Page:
Note: This is a text I was asked to write, after IGF 2017, in Geneva. Not so surprisingly, it was never published by the organization that asked me for it .
It was written around 12 January 2018. Target audience was young people.


The Internet Government Forum is an annual meeting, organized by the United Nations, that brings together governments, private sector and civil society to discuss Internet governance. IGF 2017 happened last month in Geneva, Switzerland.

IGF is a world in itself. Bringing people all over the world to discuss Internet related issues results in a rich diversity of topics and interests. The technical aspects of the Internet infrastructure, the Internet role in developing countries, gender and minorities challenges on the web, net neutrality, online safety for children, Internet of things, governmental surveillance, cyber warfare… are just a few examples of the diversity of IGF. With multiple different sessions, and even entire side events, happening at the same time, for several days, it is up to each participant to chose which ones to attend. Therefore, any report made by a participant of IGF will necessarily be highly subjective, based on his own experience and preferences, and does not reflect the globality of the event itself.

This is the day zero of my blog.

In my mind, it will be a blog about Law and Digital Rights (mostly). It will have posts in English or in Portuguese, depending on the subject. I do love my language, but I also need to practice my English (some English errors guaranteed!). And talking about digital rights in Portuguese can be a very lonely thing.

I do not expect to write in it very often.

Creating a blog in 2017, almost 2018, is certainly against the trends. However, last years showed me how badly we need to try to recover the lost art of blogging. Nowadays Facebook and Twitter have taken over the web but I miss the days before all that happened. Social networks are surely very convenient, but that's pretty much it. People have lost the habit of writing longer, well thought posts. Longer posts are not better per se, but the process of writing them is quite useful to make you think, process and consolidate information. Nowadays posts are written in 140 characters as if we were all illiterates, we are getting addicted to insta gratification of likes and other feedback, interesting content gets mixed with useless content. Your family meeting photos, some funny cat videos and content you are interest in are all mixed together and then some opaque algorithm will decide what you will see.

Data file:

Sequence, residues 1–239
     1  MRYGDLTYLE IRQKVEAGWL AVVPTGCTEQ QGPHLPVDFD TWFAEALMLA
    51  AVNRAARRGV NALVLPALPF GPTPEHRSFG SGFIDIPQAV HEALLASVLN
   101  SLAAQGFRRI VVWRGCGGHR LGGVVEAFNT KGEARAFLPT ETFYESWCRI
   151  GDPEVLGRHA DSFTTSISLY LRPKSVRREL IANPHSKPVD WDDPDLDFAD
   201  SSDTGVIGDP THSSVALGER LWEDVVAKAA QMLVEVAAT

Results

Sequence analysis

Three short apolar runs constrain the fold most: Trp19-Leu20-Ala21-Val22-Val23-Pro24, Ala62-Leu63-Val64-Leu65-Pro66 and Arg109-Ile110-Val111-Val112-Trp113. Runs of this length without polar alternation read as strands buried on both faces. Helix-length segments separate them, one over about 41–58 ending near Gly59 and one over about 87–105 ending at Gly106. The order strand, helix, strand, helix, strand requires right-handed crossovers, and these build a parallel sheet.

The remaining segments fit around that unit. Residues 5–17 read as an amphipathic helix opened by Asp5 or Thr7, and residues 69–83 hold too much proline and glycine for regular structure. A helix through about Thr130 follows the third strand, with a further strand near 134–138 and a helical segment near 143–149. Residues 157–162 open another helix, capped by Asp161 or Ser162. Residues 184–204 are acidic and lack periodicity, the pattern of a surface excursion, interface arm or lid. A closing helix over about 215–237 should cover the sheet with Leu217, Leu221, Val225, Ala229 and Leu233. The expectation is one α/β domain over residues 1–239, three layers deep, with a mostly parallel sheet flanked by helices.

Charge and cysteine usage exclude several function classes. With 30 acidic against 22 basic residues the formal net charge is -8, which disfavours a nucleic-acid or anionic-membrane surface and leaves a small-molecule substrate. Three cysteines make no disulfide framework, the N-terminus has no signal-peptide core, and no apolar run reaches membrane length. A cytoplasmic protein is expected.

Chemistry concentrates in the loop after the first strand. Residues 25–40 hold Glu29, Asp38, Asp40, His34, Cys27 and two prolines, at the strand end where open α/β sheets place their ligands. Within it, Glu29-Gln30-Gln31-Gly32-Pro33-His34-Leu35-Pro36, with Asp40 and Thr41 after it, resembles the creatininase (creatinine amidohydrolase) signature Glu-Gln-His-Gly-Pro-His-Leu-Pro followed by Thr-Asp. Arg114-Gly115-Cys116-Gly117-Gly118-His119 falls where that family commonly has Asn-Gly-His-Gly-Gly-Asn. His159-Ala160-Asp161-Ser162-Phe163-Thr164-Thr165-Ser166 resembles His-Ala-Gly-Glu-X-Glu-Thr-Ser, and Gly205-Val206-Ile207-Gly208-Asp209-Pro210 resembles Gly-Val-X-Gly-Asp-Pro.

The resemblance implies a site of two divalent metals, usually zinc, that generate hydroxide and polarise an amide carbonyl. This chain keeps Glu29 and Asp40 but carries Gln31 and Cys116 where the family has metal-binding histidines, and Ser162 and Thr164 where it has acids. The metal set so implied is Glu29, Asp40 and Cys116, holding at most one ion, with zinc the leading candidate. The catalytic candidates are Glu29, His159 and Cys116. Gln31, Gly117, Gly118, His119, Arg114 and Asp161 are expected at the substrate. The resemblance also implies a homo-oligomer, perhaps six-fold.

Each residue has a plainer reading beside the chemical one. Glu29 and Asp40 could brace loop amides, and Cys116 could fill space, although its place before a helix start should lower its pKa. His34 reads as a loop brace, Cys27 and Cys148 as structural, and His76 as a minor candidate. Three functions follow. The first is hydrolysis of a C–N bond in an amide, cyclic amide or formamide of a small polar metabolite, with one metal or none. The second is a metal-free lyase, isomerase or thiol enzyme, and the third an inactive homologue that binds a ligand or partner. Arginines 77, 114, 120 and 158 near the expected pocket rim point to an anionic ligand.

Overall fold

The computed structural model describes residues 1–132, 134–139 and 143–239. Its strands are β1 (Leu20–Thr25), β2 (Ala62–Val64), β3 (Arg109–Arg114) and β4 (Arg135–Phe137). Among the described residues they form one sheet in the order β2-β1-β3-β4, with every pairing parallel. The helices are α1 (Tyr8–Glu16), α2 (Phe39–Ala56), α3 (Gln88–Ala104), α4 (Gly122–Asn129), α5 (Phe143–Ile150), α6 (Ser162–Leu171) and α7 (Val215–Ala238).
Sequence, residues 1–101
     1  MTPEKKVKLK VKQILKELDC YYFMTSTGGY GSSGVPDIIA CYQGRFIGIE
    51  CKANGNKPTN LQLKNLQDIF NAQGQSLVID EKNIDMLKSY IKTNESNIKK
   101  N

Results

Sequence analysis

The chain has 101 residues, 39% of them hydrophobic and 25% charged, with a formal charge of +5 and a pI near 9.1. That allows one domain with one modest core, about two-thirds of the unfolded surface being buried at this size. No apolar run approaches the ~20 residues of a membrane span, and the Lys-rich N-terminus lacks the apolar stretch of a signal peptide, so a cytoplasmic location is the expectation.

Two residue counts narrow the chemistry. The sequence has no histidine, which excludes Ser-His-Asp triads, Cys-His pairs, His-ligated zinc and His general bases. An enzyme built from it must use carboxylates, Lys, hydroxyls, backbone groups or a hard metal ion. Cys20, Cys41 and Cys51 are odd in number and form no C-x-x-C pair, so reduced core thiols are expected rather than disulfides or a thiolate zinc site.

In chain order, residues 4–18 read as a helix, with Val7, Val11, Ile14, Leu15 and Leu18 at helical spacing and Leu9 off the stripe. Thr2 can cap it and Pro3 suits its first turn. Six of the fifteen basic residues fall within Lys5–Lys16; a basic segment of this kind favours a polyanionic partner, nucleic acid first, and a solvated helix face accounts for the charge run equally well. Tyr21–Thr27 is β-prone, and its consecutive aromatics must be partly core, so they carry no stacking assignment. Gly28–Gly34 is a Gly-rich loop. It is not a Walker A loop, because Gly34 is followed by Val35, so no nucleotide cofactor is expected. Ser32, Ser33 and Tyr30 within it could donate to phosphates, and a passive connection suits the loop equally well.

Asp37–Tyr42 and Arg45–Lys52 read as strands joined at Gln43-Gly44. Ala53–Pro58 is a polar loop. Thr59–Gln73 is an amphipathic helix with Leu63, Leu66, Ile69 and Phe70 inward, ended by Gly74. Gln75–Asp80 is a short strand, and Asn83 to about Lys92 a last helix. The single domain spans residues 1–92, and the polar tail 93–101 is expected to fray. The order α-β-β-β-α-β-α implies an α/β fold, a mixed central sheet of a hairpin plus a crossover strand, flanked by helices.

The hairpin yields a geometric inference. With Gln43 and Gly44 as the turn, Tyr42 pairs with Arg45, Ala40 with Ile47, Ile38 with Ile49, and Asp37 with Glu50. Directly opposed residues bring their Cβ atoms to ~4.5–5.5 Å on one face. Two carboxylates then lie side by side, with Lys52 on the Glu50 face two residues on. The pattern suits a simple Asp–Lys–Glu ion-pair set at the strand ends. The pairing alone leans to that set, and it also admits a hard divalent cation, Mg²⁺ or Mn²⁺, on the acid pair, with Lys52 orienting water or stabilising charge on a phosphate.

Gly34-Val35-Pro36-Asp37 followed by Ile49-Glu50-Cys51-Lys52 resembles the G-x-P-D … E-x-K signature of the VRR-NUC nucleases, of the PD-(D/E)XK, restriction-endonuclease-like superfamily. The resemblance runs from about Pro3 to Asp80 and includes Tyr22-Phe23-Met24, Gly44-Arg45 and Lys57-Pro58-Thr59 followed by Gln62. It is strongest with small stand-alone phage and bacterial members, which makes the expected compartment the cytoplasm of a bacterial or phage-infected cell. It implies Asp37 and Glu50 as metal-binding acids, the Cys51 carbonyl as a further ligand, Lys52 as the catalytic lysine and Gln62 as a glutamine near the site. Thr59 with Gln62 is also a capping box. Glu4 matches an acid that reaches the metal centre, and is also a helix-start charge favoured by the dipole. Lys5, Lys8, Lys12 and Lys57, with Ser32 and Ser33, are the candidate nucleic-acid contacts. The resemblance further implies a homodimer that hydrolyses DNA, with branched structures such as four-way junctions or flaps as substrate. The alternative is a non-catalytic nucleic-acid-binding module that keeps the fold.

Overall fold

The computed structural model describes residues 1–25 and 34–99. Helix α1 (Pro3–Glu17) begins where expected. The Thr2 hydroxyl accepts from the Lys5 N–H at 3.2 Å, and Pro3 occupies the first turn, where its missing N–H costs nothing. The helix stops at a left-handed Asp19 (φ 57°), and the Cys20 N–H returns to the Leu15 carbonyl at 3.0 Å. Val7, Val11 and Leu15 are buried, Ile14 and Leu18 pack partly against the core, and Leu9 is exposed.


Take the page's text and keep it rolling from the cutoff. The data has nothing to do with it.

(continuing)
This blog is also an effort do decentralize and re-compartmentalize.

Joomla because free software and because I'm already familiar with it.
Joomla + own domain + host to try to take back some control.

In theory this is a personal blog that will focus mostly on Law, Technology and Digital Rights. In practice, anything goes. These are the rules: I write mostly for myself but everyone is welcome here; it will have posts both in English and in Portuguese, depending on the subject and intended audience; I do not expect to write often.